I am a teacher of primary-age children, and I am continuously looking for developmentally appropriate ways to engage my students in conversations about kindness and friendship. Bibliotherapy is one of my favorite methods for encouraging such conversation, as children readily identify with storybook characters. It is rare for me to read aloud a story and my young students not offer immediate commentary about characters or events or connections to their own lives. “That happened to me!” someone will inevitably raise their hand and launch into an applicable (or not applicable) tale.

I recently was given a picture book worth sharing. It is a marvelous story for children, and it is perfect for parents or teachers who wish to teach children about kindness and empathy and helping others and doing the right thing. The title is Who Is My Neighbor? written by Amy-Jill Levine [my dad’s friend] and Sandy Eisenberg Sasso.

Who Is My Neighbor? tells the familiar parable of the Bible’s Good Samaritan but in a version highly relatable for young children. The story begins, “Once there was a town where only Blues lived…” The Blues, of course, thought they were the coolest color, far superior than Yellows. Blue parents warned their children to avoid Yellow children, and Yellow parents told their children the Blues were not their neighbors. One must only associate with one’s own group, taught the parents. “Yellows are the hottest,” the parents explained.

Image: Cover Photo

But then one day. One day Midnight Blue went for a bike ride, lost his balance, and tumbled off his bike. Navy and Powder Blue saw and ignored the injured Midnight Blue, leaving him to wonder why his neighbors left him ignored and bruised on the side of the road. “They must not be true Blue,” he concluded. But then Lemon rode by, saw Midnight Blue needed help, and stopped despite her fear of Blues. Lemon picked up Midnight Blue’s books, loaded him onto her bike, and sat with him at Dr. Gold’s office where he was cared for by a friendly and soothing Yellow doctor. “Good as gold!” the Yellow doctor encouraged his Blue patient.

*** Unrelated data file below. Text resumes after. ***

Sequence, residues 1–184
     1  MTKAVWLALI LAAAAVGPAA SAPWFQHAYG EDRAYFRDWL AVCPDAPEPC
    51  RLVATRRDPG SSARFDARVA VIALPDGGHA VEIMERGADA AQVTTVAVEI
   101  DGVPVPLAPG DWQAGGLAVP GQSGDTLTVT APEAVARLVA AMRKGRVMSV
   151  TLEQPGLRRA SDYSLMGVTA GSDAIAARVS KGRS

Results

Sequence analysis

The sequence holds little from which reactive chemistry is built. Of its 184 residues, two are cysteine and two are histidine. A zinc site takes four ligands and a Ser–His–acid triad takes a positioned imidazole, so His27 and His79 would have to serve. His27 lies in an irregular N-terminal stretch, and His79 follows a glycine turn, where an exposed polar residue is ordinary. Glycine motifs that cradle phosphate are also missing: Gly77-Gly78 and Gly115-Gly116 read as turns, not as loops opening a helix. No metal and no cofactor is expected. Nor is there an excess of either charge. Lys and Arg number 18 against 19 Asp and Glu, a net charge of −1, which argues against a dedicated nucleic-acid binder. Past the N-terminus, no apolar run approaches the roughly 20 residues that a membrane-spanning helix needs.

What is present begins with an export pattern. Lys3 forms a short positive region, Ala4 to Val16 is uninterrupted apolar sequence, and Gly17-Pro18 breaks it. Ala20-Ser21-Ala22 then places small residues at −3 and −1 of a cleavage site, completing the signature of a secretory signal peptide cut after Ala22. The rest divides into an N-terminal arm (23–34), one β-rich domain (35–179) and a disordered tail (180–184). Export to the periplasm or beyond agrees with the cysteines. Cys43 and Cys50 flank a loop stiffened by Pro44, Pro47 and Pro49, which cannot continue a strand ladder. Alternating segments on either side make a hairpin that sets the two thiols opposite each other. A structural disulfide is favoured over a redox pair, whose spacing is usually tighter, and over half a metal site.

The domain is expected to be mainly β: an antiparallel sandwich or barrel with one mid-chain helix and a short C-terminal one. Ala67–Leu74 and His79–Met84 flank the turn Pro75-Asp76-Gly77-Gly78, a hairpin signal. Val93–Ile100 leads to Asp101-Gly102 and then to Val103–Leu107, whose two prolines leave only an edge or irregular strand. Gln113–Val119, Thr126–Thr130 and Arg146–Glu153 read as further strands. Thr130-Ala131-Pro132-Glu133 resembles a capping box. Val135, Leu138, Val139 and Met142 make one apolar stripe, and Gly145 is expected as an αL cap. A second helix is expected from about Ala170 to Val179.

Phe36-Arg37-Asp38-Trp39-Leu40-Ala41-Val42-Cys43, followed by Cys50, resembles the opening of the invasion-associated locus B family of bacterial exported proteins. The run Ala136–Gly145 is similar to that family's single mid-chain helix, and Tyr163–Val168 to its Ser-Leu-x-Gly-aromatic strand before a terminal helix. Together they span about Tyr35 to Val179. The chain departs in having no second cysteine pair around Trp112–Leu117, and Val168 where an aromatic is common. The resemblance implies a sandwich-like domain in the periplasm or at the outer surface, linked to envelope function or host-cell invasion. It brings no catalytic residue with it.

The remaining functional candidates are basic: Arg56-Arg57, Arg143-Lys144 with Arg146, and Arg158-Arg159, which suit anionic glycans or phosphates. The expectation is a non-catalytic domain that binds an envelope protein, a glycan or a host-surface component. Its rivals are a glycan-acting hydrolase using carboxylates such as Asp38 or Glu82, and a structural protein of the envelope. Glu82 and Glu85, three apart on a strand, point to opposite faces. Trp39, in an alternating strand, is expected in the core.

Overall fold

And then a magical little conversation happens between the characters:

“You’re a good Yellow, not like the others,” Midnight Blue said to Lemon.

“Most Yellows are good,” Lemon told Midnight Blue.

“So are most Blues,” Midnight Blue said.

Their conclusion: “I would like to be your friend,” Midnight Blue tells Yellow. And so it was.

Lemon and Midnight Blue returned to their respective towns, telling Yellows and Blues about their experiences with one another. It was not the news either color group expected to hear, but their hearts grew open to new possibilities and people and friendships. Instead of fearing one another, they decided to know one another.

And from that time on, “The Blues and the Yellows began to say, Maybe we don’t have to look alike or even live nearby. Perhaps we will like hearing new songs and tasting new foods. We might like making new friends! Maybe we can all help one another!”

The authors list discussion questions for parents and educators, and I conclude with two that I will pose in my own classroom: Have you ever been scared of someone? Have you ever been afraid to do something, even though it was the right thing to do?